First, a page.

Reassessing the Facebook experiment: critical thinking about the validity of Big Data research
The Facebook experiment of 2014 manipulated the contents of nearly 700,000 users’ News Feeds to induce changes in their emotions. This experiment was widely criticized on ethical grounds regarding informed consent. This controversy, however, diverted attention from a more important concern the experiment was intended to address, which is the impact of Facebook use on well-being. In this paper, I explore the well-being concerns raised by prior research and argue that the experiment does not alleviate them, owing to poor research design. As the question of Facebook's impact on well-being is of great importance, both to Facebook and to society overall, there is a pressing need for more experimental research that is both sensitive to informed consent and carefully designed to yield reliable results. In turn, the lessons of this case have implications for general issues of validity that emerge in Big Data research, now in vogue at major scientific venues.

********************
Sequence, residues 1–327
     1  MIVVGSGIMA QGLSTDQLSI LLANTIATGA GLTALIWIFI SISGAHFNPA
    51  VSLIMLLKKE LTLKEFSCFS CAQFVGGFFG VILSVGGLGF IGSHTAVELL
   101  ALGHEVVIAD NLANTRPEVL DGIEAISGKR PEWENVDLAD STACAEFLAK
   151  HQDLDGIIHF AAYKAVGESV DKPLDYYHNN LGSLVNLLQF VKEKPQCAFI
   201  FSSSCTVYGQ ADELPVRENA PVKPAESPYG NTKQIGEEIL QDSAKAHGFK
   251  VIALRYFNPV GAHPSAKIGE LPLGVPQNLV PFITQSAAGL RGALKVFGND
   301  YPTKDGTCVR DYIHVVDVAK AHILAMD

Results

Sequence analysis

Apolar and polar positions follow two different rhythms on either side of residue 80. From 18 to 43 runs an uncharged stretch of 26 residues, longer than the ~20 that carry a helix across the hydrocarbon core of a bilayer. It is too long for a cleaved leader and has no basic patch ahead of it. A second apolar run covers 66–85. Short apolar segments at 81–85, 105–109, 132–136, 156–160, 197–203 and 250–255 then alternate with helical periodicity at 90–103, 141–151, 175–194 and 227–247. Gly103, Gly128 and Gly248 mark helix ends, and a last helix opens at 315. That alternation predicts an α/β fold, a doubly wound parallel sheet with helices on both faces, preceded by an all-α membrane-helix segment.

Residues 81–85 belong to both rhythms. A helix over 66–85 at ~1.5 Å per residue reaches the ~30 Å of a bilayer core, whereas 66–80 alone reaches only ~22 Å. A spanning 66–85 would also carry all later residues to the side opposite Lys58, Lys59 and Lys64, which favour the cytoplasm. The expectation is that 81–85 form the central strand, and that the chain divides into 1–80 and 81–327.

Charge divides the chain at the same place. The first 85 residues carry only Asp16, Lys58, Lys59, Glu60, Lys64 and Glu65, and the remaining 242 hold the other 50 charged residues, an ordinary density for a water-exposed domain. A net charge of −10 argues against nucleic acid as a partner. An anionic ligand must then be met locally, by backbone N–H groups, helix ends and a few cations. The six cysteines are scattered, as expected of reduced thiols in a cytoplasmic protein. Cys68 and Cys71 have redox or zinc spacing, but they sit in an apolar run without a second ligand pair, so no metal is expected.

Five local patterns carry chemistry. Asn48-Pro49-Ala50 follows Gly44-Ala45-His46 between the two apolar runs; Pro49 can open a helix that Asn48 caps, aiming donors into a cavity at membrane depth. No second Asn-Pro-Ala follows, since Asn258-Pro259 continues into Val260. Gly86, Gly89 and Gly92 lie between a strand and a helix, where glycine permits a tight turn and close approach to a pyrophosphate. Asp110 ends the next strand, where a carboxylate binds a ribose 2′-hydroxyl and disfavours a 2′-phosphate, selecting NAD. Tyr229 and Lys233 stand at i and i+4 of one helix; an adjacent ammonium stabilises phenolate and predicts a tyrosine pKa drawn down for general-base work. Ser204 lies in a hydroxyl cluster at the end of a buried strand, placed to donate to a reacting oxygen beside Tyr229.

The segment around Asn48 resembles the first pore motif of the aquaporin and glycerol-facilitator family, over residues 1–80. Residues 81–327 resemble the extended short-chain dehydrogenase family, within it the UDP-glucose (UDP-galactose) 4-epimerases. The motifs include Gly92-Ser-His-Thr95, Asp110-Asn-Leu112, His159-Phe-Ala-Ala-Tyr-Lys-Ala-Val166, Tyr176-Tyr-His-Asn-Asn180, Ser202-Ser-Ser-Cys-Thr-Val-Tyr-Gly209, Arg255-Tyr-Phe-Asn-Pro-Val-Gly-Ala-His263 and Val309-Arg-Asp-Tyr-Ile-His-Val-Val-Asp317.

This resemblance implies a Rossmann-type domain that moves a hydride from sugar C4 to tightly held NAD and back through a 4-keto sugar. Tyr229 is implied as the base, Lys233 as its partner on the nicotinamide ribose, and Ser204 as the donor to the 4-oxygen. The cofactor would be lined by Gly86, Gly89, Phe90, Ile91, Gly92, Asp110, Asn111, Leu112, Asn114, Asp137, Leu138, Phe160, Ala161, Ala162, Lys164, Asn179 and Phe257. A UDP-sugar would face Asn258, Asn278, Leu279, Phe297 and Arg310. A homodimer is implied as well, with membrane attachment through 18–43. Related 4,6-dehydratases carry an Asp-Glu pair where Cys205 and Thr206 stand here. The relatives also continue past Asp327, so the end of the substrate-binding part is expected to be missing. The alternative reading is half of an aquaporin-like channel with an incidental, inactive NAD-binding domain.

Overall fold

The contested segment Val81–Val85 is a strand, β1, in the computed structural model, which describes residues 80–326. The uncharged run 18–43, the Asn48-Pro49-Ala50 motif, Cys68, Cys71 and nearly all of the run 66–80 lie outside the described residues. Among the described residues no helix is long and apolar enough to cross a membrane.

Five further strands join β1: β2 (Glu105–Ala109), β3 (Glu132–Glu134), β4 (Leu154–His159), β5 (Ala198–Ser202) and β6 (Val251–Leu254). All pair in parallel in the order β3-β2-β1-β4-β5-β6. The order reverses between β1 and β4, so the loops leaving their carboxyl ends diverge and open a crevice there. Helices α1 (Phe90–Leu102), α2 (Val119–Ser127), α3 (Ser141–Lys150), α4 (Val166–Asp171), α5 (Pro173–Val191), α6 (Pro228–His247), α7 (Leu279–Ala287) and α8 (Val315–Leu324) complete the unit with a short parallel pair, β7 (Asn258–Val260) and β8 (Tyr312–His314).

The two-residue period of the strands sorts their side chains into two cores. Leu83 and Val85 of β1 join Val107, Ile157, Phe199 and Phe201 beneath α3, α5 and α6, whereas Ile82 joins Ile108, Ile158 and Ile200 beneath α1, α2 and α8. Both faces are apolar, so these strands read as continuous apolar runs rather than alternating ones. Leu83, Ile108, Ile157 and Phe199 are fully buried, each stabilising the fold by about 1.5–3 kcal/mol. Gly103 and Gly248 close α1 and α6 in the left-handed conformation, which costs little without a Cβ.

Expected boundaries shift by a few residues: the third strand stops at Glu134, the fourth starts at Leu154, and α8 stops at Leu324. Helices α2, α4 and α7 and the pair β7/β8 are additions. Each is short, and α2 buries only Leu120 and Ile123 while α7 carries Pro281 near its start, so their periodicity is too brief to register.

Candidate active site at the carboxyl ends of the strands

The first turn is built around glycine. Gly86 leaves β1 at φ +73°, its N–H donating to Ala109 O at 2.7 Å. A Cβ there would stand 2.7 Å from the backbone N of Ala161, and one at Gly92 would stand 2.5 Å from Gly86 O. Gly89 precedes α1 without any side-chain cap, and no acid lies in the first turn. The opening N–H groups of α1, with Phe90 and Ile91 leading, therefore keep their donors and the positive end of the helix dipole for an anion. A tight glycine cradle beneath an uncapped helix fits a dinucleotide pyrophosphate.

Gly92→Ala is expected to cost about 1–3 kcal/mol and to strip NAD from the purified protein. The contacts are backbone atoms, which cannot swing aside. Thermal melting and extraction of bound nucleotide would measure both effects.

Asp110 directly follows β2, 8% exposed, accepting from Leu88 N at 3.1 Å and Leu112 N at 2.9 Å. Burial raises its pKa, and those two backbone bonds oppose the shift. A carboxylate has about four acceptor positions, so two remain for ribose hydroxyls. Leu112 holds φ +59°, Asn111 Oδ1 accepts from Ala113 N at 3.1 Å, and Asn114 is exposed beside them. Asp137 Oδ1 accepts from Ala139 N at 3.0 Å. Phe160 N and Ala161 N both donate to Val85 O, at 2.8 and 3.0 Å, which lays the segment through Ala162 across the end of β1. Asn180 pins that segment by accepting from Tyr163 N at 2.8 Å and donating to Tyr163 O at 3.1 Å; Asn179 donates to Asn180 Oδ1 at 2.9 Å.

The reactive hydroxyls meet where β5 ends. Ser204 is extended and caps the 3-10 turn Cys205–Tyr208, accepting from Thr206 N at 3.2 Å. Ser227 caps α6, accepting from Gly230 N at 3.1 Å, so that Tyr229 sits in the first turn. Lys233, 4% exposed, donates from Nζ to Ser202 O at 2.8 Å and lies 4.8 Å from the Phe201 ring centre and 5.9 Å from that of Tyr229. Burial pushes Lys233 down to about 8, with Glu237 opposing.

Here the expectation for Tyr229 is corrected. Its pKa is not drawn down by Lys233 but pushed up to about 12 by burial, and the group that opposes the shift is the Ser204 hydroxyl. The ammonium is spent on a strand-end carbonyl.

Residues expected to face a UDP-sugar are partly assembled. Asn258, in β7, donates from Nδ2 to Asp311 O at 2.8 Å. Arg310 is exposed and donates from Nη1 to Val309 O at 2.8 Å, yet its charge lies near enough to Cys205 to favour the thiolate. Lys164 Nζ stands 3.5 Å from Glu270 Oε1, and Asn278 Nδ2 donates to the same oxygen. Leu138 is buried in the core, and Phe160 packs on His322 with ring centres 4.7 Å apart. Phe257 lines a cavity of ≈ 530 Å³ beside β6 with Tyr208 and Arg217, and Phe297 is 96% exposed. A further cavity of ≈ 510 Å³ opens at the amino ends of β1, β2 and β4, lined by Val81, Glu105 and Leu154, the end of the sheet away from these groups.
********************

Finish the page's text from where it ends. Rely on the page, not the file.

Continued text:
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Document Type: Research Article
Affiliations: School of Information, University of California, Berkeley, CA, USA
Publication date: August 2, 2016